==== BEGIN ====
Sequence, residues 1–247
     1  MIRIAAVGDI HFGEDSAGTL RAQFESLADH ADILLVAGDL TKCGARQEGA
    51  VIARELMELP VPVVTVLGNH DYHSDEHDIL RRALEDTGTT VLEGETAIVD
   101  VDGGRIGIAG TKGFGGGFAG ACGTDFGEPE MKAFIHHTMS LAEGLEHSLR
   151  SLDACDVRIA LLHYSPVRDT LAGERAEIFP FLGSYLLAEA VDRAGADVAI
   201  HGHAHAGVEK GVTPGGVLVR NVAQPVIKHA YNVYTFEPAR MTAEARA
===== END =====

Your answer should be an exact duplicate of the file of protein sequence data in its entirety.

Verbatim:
Sequence, residues 1–247
     1  MIRIAAVGDI HFGEDSAGTL RAQFESLADH ADILLVAGDL TKCGARQEGA
    51  VIARELMELP VPVVTVLGNH DYHSDEHDIL RRALEDTGTT VLEGETAIVD
   101  VDGGRIGIAG TKGFGGGFAG ACGTDFGEPE MKAFIHHTMS LAEGLEHSLR
   151  SLDACDVRIA LLHYSPVRDT LAGERAEIFP FLGSYLLAEA VDRAGADVAI
   201  HGHAHAGVEK GVTPGGVLVR NVAQPVIKHA YNVYTFEPAR MTAEARA